Although the McCarters’ debut album had brought them some success, with top 10 hits, Warner Brothers thought they would do better if they modernised their sound a bit. They also decided that since Jennifer was very clearly the star of the group, she should get higher billing, and renamed the group Jennifer McCarter and the McCarters.
The first single from their second album Better Be Home Soon, produced by Paul Worley and Ed Seay, was ‘Up And Gone’, a sprightly up-tempo tune which was their third and last top 10 hit, peaking at #9. It was written by Verlon Thompson and Bill Caswell. The same writing team provided the next single, ‘Quit While I’m Behind’, which reached #26. It is another entertaining song, about deciding to dump a rubbish boyfriend who is cheating on her. ‘Betcha Gonna Love Me’, written by Caswell with Don Singleton, is in similar vein musically.
The title track is a ballad which, oddly, is a cover of a song by Australian rock band Crowded House. Jennifer’s vocal is lovely, but radio was not receptive when it was released as the third single.
Also a flop was the last single, ‘Shot Full Of Love’. This song, written by Bob McDill, was recorded numerous times by artists including Don Williams, the Nitty Gritty Dirt Band, Juice Newton, Nicolette Larson, Chris LeDoux and Billy Ray Cyrus, but has never been a hit. It is about a player with a past who is transformed by discovering true love, and perhaps worked a bit better for a male artist, but is beautifully sung here:
Once I had a heart cold as ice
Love to me was only for fun
I made the mark for each broken heart
Like notches on the butt of a gun
Once I had a trick up my sleeve
And a reputation all over town
I was heartless and cold wherever I go
And I shut down every young boy I found
Yes, I used to be a moonlight bandit
I used to be a heartbreak kid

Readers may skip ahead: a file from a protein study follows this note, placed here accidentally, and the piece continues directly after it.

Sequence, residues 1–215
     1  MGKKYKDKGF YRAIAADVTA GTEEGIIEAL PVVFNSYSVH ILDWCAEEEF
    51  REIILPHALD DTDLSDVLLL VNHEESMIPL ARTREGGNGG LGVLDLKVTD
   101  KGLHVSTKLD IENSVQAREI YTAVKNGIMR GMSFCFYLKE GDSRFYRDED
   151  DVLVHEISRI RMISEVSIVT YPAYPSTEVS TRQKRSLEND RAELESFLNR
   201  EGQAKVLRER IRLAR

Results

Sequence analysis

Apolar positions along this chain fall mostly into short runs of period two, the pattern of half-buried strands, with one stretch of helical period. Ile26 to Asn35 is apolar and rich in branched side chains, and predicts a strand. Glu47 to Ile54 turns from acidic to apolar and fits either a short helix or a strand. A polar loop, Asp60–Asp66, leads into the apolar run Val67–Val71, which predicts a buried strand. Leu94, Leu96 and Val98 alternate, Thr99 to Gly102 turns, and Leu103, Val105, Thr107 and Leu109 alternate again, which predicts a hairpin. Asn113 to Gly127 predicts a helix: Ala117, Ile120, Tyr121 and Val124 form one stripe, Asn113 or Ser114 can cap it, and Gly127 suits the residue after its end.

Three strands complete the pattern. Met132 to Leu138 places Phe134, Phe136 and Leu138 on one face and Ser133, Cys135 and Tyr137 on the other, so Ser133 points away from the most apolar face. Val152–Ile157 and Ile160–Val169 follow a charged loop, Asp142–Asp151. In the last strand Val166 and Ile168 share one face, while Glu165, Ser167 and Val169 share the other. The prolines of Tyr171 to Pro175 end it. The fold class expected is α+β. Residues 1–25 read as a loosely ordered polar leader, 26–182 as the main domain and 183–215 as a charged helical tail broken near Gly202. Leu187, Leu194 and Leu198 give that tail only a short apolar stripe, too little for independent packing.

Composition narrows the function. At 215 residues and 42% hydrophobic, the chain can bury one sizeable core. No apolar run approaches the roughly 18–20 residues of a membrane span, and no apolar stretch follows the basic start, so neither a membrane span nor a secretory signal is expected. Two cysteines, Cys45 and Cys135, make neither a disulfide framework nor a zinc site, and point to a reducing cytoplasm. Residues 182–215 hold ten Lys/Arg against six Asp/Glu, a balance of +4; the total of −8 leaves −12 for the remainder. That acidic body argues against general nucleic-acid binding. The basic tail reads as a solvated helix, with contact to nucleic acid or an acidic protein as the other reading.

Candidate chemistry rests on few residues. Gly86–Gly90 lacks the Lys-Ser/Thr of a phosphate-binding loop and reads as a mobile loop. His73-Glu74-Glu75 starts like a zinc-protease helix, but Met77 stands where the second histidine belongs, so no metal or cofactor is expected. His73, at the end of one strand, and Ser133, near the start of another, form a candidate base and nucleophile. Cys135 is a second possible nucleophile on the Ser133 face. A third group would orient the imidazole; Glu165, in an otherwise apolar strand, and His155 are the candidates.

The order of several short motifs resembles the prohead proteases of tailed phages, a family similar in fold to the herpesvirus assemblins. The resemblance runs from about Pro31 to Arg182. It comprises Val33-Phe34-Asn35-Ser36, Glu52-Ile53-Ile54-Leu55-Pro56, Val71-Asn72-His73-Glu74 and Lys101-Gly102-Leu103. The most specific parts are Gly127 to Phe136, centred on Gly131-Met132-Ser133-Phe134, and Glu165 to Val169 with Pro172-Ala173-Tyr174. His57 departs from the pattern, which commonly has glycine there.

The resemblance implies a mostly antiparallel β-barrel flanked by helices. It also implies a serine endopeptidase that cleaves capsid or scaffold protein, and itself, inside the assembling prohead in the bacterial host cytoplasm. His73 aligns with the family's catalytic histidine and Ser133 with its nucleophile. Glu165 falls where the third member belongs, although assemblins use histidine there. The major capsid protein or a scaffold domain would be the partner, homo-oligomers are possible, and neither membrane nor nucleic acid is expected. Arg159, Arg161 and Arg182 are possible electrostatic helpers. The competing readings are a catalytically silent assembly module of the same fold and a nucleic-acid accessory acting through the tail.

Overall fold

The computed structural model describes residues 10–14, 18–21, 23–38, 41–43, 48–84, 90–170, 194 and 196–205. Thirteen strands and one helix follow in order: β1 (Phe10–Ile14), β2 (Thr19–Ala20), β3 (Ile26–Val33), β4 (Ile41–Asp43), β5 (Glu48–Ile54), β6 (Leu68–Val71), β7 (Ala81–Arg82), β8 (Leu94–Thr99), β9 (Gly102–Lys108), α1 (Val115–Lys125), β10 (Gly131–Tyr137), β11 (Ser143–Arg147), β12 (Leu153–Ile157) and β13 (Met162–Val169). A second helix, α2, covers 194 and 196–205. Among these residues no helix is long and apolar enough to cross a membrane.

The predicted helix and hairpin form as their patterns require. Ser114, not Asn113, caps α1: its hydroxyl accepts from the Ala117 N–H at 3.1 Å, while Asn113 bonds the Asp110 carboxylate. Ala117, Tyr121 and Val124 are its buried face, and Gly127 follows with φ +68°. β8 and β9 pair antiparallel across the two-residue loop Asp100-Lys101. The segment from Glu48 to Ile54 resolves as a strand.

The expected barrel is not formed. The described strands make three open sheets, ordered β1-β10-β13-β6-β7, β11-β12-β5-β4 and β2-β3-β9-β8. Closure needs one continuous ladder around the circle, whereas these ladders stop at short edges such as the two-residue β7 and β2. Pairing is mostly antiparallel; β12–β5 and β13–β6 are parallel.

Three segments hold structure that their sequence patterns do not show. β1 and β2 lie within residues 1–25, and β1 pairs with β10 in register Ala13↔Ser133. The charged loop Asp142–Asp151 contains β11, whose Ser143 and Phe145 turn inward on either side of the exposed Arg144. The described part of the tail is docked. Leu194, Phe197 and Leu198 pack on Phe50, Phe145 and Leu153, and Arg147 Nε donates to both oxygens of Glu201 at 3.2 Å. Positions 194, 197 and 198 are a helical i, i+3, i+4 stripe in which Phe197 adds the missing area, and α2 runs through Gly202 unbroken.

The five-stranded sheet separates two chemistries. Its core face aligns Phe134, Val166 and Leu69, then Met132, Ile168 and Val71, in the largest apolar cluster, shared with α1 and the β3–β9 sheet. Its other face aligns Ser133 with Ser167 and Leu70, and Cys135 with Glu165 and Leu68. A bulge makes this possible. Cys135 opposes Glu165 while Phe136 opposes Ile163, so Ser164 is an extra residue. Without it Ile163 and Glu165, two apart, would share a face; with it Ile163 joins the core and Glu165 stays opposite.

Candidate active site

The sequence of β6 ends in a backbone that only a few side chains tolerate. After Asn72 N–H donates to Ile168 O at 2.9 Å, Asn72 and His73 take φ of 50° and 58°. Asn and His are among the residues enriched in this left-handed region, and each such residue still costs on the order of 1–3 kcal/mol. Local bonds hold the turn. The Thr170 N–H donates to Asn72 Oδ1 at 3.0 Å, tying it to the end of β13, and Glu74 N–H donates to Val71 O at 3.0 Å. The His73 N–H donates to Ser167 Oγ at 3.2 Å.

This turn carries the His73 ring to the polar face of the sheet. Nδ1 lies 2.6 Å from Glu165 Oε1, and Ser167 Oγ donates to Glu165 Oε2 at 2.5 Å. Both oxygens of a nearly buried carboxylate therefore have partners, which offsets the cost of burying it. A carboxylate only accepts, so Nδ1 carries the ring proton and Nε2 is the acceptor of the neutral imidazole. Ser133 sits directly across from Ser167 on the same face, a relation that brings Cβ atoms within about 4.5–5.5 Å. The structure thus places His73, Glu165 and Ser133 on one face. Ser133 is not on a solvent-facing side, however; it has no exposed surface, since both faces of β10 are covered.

Then I met you and the next thing I knew
There I was
Oh, shot full of love
Who’d have thought that someone like you
Could take a desperado like me
But oh, here I am
I’m as meek as a lamb
With my bleeding heart there at your feet
Sandy Emory’s song ‘I Haven’t Got A Prayer’ is a beautiful ballad with some pretty mandolin. ‘Mountain Memories’ is a charming throwback to the sounds of their first album.
‘Papa Sita’ is a sweet Mexican-flavored song written by Hugh Moffatt.
‘Slow Country Dance’ is a gorgeous waltz written by Mary Chapin Carpenter, who also recorded it:
Down at the bar a woman tells stories
Batting her eyes to someone not there
Her glass is half full (or maybe half empty)
Like the jokes told about her
When they think she don’t hear
Now the perfume is cheap and the makeup is careless
And the dress out of fashion for a woman her age
But she don’t give a damn for those who would cherish
A much lighter step or a much younger face
And love’s never easy or ever as true
When the changing of partners is no longer new
You lead with your heart, closing your eyes
And dance just to dance in three quarter time
The closing ‘I Don’t Wanna Cry Anymore’ is a great upbeat song written by Nancy Montgomery offering hope for the future.
This is not as good an album as the sisters’ debt, but it is still very good, and I would recommend it.